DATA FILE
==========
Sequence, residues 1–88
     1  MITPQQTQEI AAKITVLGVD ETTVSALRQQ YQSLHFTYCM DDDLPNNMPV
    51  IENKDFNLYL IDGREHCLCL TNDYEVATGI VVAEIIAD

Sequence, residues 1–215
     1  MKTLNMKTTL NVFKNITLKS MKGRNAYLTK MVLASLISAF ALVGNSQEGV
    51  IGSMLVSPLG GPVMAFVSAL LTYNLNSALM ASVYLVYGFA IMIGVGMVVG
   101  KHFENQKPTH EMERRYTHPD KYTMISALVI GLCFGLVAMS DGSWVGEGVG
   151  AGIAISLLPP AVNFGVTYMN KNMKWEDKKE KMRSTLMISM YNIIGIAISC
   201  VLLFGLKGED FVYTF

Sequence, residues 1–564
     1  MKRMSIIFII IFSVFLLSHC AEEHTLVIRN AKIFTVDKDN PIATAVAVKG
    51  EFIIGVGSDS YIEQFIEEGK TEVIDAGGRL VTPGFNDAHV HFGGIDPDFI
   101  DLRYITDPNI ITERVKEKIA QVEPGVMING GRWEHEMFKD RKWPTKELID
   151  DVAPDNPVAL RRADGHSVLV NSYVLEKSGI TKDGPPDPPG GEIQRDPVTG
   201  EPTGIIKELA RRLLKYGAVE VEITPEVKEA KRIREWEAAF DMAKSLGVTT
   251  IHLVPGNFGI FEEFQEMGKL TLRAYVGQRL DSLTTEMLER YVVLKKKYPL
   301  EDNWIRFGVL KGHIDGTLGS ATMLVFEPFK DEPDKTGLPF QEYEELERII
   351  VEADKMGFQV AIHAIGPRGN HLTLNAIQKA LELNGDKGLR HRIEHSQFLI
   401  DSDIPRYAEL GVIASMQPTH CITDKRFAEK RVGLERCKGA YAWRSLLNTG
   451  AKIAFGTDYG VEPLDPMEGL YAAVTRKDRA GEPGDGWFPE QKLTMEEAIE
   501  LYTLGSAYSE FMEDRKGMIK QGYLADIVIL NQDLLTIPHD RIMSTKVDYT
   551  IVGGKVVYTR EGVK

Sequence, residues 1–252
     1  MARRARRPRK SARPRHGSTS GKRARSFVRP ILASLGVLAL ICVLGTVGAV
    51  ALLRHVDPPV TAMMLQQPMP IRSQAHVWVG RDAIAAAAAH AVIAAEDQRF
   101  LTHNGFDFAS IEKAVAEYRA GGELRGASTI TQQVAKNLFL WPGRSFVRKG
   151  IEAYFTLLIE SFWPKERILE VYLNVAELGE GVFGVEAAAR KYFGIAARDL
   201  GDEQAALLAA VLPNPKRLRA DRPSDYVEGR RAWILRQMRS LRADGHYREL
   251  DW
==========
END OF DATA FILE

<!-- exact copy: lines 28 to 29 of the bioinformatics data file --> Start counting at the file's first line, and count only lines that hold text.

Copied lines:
   201  GDEQAALLAA VLPNPKRLRA DRPSDYVEGR RAWILRQMRS LRADGHYREL
   251  DW